Amylyx ALS Drug May Drive Medicare Part D Redesign Efforts Based On Cost Sharing Concerns
Medicare could be an important payer for the eagerly awaited drug because the program covers ALS treatments for patients under 65 as well as older ones. Meanwhile, a draft Institute for Clinical and Economic Review raises questions about the drug's cost effectiveness.
A closely watched oral drug for amyotrophic lateral sclerosis from Amylyx Pharmaceuticals, Inc. would be covered by Medicare Part D and the pharmacy benefit in the commercial insurance market if it is approved. But patients accessing the drug through Medicare may be in for a significant cost sharing burden based on well-documented problems with the current design of the benefit program.
The situation could add momentum to stalled legislative efforts to redesign the Part D benefit in a way that addresses the cost sharing issues that have developed with the increasing availability of high-cost specialty drugs covered by the program. (Also see "Oncology Drug Cost Sharing Would Decline 42% Under Medicare Part D Redesign" - Pink Sheet, 17 Jun, 2020.)
Currently, high-cost drugs cause Part D beneficiaries to move quickly to the catastrophic phase of the benefit. In that phase, enrollees are subject to coinsurance equal to 5% of drug costs, possibly adding up to thousands of dollars, unless they qualify for low-income subsidies. Reforms under consideration would cap annual cost sharing in Part D for the first time, reduce Medicare’s financial responsibility in the catastrophic phase, and shift more of the burden to plans and manufacturers.
ALS is a rare disease and the number of patients likely to access the drugs is relatively small. In the United States, there are approximately 25,000 people living with ALS. But the condition has a high profile, with vocal patient advocates, and there is strong interest in the disease modifying potential of AMX0035.
To date, treatments for ALS have largely focused on supportive care. A drug marketed by Mitsubishi Tanabe Pharma Corporation called Radicava (edaravone) has demonstrated a moderate impact on disease progression but only in a subgroup of patients and has not seen significant take-up. The nearly five year-old drug is administered by infusion, which may also have impacted acceptance. An oral version was approved in mid-May. (Also see "Mitsubishi’s Oral Radicava Provides Convenience Option For ALS" - Scrip, 13 May, 2022.) The new version will be covered under Part D and the pharmacy benefit in commercial insurance like AMX0035 would be.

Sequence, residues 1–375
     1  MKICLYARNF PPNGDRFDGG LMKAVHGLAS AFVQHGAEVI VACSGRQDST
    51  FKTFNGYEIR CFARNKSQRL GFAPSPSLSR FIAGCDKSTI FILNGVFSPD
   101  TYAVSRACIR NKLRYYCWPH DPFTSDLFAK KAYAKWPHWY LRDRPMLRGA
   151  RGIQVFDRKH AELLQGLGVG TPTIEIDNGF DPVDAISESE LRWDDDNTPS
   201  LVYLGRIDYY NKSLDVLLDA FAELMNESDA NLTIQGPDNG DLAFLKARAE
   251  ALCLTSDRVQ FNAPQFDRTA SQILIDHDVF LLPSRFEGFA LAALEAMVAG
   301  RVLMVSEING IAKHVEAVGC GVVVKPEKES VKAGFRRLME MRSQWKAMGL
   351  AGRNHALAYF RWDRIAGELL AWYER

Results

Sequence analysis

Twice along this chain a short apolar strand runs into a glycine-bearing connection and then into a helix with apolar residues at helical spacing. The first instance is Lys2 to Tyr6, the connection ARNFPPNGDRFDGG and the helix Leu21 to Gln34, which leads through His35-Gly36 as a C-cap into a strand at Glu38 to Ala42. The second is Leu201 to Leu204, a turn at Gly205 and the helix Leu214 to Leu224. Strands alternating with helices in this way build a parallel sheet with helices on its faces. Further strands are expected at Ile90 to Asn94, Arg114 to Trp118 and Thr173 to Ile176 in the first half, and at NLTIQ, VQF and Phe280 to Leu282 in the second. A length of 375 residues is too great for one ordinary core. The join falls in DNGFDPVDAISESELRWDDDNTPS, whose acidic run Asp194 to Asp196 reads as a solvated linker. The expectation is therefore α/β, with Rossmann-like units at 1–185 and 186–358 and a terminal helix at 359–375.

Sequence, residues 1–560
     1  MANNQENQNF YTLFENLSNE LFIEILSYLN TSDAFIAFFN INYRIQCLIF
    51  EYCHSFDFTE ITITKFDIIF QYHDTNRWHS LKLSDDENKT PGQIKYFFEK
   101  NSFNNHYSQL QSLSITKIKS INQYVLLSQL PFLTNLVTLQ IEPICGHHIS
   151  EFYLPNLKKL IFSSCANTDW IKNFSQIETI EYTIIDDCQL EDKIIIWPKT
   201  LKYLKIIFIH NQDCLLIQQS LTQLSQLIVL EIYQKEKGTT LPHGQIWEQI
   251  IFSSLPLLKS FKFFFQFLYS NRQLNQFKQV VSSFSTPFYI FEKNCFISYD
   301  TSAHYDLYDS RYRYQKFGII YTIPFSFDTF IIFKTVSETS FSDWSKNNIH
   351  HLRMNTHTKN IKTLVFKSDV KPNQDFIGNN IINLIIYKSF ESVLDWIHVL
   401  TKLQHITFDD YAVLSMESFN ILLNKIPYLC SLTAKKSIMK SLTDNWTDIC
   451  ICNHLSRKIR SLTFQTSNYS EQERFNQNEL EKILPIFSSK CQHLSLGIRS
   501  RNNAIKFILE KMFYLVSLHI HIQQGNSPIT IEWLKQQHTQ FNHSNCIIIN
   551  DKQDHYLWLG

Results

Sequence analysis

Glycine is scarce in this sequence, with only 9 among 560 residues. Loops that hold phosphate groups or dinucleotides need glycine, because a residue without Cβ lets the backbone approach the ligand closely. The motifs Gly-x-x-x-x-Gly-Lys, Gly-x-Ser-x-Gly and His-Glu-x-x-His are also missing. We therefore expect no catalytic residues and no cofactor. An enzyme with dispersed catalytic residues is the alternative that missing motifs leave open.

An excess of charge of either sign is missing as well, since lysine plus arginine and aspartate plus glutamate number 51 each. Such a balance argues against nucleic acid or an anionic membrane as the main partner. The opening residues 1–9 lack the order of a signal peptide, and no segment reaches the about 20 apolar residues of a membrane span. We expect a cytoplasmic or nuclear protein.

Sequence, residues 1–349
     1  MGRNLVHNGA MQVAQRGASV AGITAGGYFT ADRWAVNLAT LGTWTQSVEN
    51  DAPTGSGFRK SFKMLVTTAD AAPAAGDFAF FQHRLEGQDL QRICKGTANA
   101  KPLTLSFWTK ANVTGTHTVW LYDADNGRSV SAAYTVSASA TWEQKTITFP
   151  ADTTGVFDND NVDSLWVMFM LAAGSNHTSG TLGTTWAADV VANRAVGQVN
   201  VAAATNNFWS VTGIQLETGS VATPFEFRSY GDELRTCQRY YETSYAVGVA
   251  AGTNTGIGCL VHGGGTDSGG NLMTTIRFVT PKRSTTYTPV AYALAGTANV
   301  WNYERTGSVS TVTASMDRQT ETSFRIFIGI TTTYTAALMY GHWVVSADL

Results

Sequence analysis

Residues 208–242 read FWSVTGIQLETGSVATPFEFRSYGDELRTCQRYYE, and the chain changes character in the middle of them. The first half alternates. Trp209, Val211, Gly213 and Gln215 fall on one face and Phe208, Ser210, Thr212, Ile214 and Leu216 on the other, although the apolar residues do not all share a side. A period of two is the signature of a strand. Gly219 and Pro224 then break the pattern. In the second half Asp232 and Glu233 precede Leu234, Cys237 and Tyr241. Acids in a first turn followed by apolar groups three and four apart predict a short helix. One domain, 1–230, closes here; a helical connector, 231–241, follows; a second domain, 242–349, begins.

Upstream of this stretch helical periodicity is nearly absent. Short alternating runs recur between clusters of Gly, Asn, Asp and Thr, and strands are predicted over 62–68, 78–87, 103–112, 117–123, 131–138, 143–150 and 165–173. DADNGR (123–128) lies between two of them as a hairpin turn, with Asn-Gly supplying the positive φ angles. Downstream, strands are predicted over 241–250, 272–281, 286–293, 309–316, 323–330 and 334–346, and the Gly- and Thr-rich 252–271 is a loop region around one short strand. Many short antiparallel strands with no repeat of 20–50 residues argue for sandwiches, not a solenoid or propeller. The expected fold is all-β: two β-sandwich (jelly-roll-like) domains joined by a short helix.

A combination of taurursodiol and sodium phenylbutyrate, AMX0035 is currently undergoing US Food and Drug Administration review, now with a 29 September deadline on the decision. The due date was recently extended after the company provided FDA with an additional analysis from its clinical study on the drug.
That submission followed an advisory committee decision that concurred with FDA’s preliminary view that more study on the drug is needed prior to approval. (Also see "Amylyx’s ALS Drug Should Wait For Phase III Results, US FDA Panel Says" - Pink Sheet, 30 Mar, 2022.) AMX0035 was evaluated in the Phase II CENTAUR randomized controlled trial and in the companion open-label extension, CENTAUR-OLE.
“If AMX0035 receives regulatory approval while another randomized trial is underway, policymakers should debate short-term pricing options including a far lower price close to the cost of production until the benefits of treatment can be adequately evaluated.” – ICER Draft Report
In the trial, AMX0035 moderately reduced the primary outcome of disease progression, although the statistical significance of this reduction varied depending on the analysis. As a secondary outcome, CENTAUR-OLE assessed death based on the original randomization in CENTAUR and found a 4.8- month survival benefit.
Medicare Coverage For ALS Treatment Available To Younger Patients
Medicare coverage could have a significant impact on the commercial success of the two drugs because ALS has a special status in the program and coverage for the treatments would be available to patients younger than 65. ALS treatments in younger patients are reimbursable by Medicare because the condition is one of two that meet a standard for causing disability. (The other is end-stage renal disease.) To qualify, patients must also have obtained Social Security disability benefits.